Our citrus flowers are starting to bloom this week. A few started earlier, but the large bloom isn’t here yet. We’ll probably see a dramatic increase in the amount of bloom over the next couple of weeks. One problem we need to watch out for is Postbloom Fruit Drop. This is a disease that infects the flowers, then causes fruit drop later in the season. For now, though, the flowers appear healthy and abundant!
You may have seen previous reports on this blog and in the news about the early bloom in Florida citrus trees this year. In some groves, bloom started as early as the middle to end of January. A lot of people think this is due at least in part to some of the unprecedented disease issues in the state now. As shown in this iPhone photo, however, some trees are just now coming into full bloom. It’s hard to fully explain the never-before-seen horticultural behavior of the trees this year. Let’s hope that this year is an anamoly, and next year will be much more normal.
The fruit drop in the Florida citrus industry has been big news lately, such as talked about in this article in the Lakeland Ledger and this one in Fresh Plaza. There are a lot of possible contributing factors to this drop and it’s generally thought that greening is the biggest culprit. But, another reason can be what we call “overbearing”, which is where trees simply set more fruit than the physiology of the tree is able to support. This photo shows an example of a heavy fruit set in a Florida orange grove resulting from the recent bloom this season. It’s not likely all such fruit will hang on the tree until maturity.
The bloom for this year is winding down. This orange blossom is one of the last to be seen in this Florida citrus grove. The bloom started early this year in January–about 6 weeks sooner than normal. It continued for about 8 weeks, resulting in 2 to 3 different crop sets. We have never had this situation before, so it will be interesting to see how the trees and crops develop this season.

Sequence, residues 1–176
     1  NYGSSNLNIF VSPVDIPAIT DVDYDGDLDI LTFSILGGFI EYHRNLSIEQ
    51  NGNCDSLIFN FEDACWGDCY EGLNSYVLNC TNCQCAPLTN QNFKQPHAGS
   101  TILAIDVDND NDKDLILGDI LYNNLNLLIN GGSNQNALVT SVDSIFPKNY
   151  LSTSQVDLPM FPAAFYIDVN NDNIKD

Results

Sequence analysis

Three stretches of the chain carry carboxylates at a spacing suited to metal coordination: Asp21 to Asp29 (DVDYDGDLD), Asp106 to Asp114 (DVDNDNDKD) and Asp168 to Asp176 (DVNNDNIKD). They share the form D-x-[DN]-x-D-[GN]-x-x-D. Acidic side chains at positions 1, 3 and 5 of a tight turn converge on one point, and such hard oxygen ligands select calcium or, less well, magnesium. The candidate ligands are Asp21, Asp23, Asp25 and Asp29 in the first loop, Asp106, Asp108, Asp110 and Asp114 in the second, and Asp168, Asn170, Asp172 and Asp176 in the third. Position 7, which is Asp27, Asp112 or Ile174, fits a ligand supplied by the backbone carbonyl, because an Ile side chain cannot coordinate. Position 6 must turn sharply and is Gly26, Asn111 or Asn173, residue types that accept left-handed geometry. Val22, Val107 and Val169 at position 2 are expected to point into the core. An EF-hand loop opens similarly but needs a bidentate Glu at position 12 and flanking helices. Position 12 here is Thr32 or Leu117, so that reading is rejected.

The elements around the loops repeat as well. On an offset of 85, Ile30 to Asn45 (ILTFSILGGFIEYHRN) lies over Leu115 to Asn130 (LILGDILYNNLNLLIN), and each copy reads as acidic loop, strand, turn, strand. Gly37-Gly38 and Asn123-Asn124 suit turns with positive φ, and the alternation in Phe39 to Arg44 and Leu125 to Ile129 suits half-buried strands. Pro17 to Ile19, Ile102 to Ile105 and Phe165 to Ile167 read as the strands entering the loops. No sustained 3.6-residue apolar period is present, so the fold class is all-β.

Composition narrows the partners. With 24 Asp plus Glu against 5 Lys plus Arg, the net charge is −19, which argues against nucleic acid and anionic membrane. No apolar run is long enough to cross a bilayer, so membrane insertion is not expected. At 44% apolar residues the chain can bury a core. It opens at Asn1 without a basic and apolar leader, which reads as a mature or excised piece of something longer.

This photo shows a newly-set Valencia orange crop in a Central Florida citrus grove. These fruits are about 1/2-cm in diameter. You can see the pistil of the flower hasn’t completely fallen off yet, suggesting the youngest fruits in this cluster were probably set within the last week or so. Not all of the fruits in the cluster will reach maturity and one or more of them will probably fall off before the fruit ripens next year.
Here’s a photograph of petal fall nearing completion in an orange grove. If you look closely, you can see recent fallen leaves intermixed with flower petals in this debris under the tree. This indicates that bloom season is coming to an end, honeybee activity is slowing down, and the trees for the most part have completed fruit set.
This time of year is when both flowers and fruits are on the trees at the same time. In the background of this shot, you see Valencias ripening to maturity. A lot of people consider spring to be the most photogenic time of year in Florida citrus groves.
Bees are important pollinators in Florida citrus groves. Many growers work with professional beekeepers to set hives near groves to improve flower pollination and fruit set. Florida citrus honey is also enjoyed by many for culinary reasons.